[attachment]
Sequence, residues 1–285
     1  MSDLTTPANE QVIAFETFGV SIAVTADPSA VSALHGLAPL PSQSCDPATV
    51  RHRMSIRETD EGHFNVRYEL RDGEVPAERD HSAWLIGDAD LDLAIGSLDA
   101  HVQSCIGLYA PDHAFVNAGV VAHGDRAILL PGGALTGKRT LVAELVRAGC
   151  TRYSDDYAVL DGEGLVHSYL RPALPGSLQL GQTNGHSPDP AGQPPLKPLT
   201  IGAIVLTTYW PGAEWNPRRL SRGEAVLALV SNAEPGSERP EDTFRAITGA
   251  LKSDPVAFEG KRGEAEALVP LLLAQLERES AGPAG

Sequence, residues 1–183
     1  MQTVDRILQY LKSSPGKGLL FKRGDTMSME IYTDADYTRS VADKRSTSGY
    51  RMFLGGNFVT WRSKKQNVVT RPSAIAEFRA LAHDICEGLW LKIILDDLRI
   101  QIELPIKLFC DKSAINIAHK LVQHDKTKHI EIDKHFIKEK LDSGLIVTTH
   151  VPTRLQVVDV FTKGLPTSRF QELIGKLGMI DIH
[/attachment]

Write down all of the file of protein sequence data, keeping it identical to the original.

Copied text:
Sequence, residues 1–285
     1  MSDLTTPANE QVIAFETFGV SIAVTADPSA VSALHGLAPL PSQSCDPATV
    51  RHRMSIRETD EGHFNVRYEL RDGEVPAERD HSAWLIGDAD LDLAIGSLDA
   101  HVQSCIGLYA PDHAFVNAGV VAHGDRAILL PGGALTGKRT LVAELVRAGC
   151  TRYSDDYAVL DGEGLVHSYL RPALPGSLQL GQTNGHSPDP AGQPPLKPLT
   201  IGAIVLTTYW PGAEWNPRRL SRGEAVLALV SNAEPGSERP EDTFRAITGA
   251  LKSDPVAFEG KRGEAEALVP LLLAQLERES AGPAG

Sequence, residues 1–183
     1  MQTVDRILQY LKSSPGKGLL FKRGDTMSME IYTDADYTRS VADKRSTSGY
    51  RMFLGGNFVT WRSKKQNVVT RPSAIAEFRA LAHDICEGLW LKIILDDLRI
   101  QIELPIKLFC DKSAINIAHK LVQHDKTKHI EIDKHFIKEK LDSGLIVTTH
   151  VPTRLQVVDV FTKGLPTSRF QELIGKLGMI DIH